Harvard to Go Virtual, So They Say
“We intend to move education out over the internet and remove it from its physical presence on the campuses,” a man calling himself Professor Harrison Gresham told WNYC’s Alice Furlaud ’51.“Harvard Yard could easily be turned into condominiums. We’ve seen a great deal of interest on the part of many of the alumni in buying their old rooms so that they could be a pied-à-terre here in Cambridge when they want to come back and visit.”
A handful of alums—some skeptical, some outraged—wrote in to WNYC in protest after the segment aired last Friday.
When contacted yesterday for comment about the piece, University administrators wholeheartedly agreed with the irked alums that virtual Harvard is an awful thought.
“I think it’s a profoundly terrible idea,” said Alan J. Stone, vice president of Government and Community Affairs, “and hysterically funny in the context I’ve heard it.”
Furlaud said her seven-minute parody—which includes interviews with several Harvard “professors” with names like Roscoe Dullich—was inspired by Harvard’s recent yen for growth, and what she sees as a change in the University’s attitude.
“It seemed to me to be the way Harvard is going,” Furlaud chuckled from her Cape Cod home.
“I get the impression that it’s more interested in training you for a career. In my time, it wasn’t this huge expanding power with more money than anybody except the Catholic Church,” she said, referring to Harvard’s endowment, which has reached $19 billion.
Under the plan described in Furlaud’s piece, Harvard would put all class material and lectures on the internet and abandon all of its physical campus, except for the Medical and Dental schools.
The price of tuition would remain the same—minus room and board—but the books in Widener would be digitalized and auctioned off.
And according to a clip Furlaud ultimately left out of the broadcast, the current Business School campus would be transformed into a corporate training school for McDonald’s employees.
A woman going by the name Barbara Livingston-Shultz, another of Furlaud’s interviewees and “a professor in the women’s studies department” who wrote Female Orgasm in Prehistory, took personal offense to the plan.
“I will be invisible, I will be an anonymous nobody,” Shultz said of teaching virtual classes. “This is all part of a conspiracy to keep women out of sight.”
Jane-Anne McFall, a “sophomore” from Prairie Junction, Kansas, also objected to the idea, particularly because it would mean taking classes from home.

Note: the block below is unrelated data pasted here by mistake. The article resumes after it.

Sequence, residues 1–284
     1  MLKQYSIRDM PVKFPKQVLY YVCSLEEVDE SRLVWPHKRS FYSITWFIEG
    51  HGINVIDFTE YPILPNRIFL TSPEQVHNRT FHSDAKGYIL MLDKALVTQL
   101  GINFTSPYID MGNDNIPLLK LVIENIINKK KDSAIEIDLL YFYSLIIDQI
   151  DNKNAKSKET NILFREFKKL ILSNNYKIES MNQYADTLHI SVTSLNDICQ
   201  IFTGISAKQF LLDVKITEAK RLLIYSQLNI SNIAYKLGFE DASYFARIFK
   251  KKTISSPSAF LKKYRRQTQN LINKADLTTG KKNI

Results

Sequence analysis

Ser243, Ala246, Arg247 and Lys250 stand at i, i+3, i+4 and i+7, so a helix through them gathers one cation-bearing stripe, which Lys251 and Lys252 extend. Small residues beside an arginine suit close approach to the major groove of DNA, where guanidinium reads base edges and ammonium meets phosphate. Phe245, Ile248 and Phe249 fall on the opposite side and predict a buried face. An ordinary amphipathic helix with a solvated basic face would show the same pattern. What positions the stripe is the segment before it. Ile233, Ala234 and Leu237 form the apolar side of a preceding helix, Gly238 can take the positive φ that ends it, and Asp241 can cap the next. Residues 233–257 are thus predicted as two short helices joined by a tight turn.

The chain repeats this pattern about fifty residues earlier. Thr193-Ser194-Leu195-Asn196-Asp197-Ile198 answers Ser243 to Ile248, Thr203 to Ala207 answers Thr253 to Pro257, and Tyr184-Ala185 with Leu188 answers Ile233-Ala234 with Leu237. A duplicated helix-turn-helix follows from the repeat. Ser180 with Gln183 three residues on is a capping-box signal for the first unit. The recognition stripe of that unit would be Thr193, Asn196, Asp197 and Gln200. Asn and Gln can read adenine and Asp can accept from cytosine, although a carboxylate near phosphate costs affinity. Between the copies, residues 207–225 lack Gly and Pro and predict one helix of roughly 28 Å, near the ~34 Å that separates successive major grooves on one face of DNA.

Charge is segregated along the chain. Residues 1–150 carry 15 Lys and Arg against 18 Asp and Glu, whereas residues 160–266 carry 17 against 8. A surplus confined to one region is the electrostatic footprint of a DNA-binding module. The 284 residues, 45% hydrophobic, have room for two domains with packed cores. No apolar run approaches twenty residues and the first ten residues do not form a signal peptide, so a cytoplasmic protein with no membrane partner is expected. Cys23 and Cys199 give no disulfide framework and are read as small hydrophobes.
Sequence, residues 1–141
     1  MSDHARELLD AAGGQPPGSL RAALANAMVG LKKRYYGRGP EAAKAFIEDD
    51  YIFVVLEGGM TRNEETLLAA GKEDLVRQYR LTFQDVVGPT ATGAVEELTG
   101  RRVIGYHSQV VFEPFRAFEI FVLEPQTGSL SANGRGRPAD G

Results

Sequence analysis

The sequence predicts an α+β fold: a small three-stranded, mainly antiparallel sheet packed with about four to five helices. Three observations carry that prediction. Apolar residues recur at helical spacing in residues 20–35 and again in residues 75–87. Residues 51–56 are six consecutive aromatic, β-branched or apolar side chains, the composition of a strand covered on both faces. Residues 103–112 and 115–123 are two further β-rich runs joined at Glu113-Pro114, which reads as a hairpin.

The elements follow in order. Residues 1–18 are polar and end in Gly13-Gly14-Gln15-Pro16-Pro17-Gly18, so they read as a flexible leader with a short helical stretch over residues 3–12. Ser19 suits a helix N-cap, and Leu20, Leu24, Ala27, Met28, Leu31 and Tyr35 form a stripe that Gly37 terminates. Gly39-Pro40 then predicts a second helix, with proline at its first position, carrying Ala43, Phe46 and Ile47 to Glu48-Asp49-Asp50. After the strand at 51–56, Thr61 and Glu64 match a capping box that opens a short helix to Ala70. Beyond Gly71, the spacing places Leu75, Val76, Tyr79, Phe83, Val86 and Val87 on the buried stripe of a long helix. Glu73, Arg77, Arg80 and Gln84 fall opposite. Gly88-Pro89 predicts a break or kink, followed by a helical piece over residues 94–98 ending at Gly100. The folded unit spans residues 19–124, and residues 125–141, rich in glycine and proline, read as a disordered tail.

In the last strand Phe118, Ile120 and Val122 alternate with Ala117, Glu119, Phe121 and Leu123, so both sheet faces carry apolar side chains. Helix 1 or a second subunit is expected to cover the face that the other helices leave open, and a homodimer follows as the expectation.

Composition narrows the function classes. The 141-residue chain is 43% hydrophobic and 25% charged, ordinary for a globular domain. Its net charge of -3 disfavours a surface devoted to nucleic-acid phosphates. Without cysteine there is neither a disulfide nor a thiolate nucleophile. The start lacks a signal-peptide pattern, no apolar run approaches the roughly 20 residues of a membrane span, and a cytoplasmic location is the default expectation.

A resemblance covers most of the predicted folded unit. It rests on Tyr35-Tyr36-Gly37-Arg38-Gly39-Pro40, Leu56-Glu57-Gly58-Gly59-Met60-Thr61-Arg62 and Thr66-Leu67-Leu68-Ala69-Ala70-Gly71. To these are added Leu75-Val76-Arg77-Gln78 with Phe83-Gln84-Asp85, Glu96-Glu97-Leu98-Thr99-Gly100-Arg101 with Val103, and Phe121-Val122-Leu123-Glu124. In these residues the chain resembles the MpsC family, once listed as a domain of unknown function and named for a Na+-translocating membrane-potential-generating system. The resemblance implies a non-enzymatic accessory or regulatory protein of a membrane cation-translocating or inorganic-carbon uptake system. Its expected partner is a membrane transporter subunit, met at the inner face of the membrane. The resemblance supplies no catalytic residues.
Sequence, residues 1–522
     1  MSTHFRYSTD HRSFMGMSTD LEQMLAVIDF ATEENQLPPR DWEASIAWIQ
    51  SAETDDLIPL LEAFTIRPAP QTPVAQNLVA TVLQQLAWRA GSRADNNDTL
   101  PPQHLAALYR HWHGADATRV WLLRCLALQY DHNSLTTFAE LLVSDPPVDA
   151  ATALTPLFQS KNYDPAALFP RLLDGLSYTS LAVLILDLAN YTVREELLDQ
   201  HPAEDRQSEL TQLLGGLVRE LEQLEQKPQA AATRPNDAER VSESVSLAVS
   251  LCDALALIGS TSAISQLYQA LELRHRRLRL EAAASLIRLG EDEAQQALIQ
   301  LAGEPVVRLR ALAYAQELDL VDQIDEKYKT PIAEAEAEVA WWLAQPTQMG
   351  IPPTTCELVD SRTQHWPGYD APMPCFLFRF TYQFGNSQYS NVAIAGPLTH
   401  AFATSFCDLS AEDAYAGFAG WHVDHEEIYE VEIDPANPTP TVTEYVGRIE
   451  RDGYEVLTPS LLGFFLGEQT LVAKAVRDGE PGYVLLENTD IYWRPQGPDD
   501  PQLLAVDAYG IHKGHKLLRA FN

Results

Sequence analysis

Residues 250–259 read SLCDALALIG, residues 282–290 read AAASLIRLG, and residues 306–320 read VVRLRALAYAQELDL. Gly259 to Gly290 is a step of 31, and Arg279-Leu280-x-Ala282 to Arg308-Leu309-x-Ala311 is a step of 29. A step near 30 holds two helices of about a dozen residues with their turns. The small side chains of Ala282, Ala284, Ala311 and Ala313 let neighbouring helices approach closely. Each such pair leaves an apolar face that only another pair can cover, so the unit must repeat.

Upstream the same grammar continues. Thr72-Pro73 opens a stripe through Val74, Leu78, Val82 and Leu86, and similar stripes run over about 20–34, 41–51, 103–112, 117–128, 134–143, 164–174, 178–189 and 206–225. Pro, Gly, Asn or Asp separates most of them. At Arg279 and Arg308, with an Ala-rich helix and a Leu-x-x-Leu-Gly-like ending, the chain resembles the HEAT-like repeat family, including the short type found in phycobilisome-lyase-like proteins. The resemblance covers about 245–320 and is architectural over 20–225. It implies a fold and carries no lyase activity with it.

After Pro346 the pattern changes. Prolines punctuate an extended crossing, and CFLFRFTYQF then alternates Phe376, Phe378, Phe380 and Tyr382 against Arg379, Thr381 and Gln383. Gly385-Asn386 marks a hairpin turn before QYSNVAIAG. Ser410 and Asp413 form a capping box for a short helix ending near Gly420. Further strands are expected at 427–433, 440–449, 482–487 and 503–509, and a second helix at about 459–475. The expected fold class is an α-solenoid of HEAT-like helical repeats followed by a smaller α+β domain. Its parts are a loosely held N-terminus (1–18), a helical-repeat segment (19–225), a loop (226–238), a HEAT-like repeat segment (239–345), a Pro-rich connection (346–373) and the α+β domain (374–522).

“The boys there are completely dull, you know, they definitely don’t go to college. But I am definitely the exception there,” she said. “It’s hard to relate to people there.”
Furlaud’s cheeky story has prompted some consternation since it aired on the NPR program “The Next Big Thing” on Friday.
Producer Curtis Fox reported that as of today he had received roughly eight e-mails from listeners concerned about the sham proposal.
The President of Harvard’s Alumni Association, Charles L. Brock J.D. ’67, AMP ’79, who lives in New York, had not heard the report because he was out in the “hinterlands.” But he said the idea of leasing a Harvard Yard condominium thrilled him.
“That would be fantastic since I’m there a couple times per month. But it would be selfish,” he said.
The man calling himself Professor Gresham said the plan is impeccable, a perfect “shot in the arm” to Harvard’s concept of education, “which seems to have stalled.”
“The Harvard brand as you know is very valuable,” he said. “It serves as a ticket to Wall Street, success in politics, positions of power, in a word. Having Harvard online gives us the opportunity to open our brand up, educate more people at a higher level, for the betterment of society. And Harvard.”
Alan Stone explained that such a plan would be difficult to implement at Harvard, where he says the philosophy of learning is “classically deeply residential.”
Dan Moriarty, assistant provost for University Information Systems, could not be reached for comment, nor could Summers, who was away at a Red Sox game.
It was not clear whether they or other University administrators had heard of Furlaud’s shenanigans.
Furlaud, who has been a radio reporter for decades, began her “Unreliable Narrator” feature while working for the BBC in Paris. The directors in London didn’t always get her humor, she said, but the reception has been much better in the U.S.
All of Furlaud’s interviewees are friends, who she said are often more convincing than actors.
Roscoe Dullich, an English professor who teaches “Chaucer, Henry James, and Einstein,” is actually Justin Kaplan, the editor of Bartlett’s Familiar Quotations, while Professor Gresham was played by a doctor who went to Yale.
—Staff writer Alex L. Pasternack can be reached at firstname.lastname@example.org.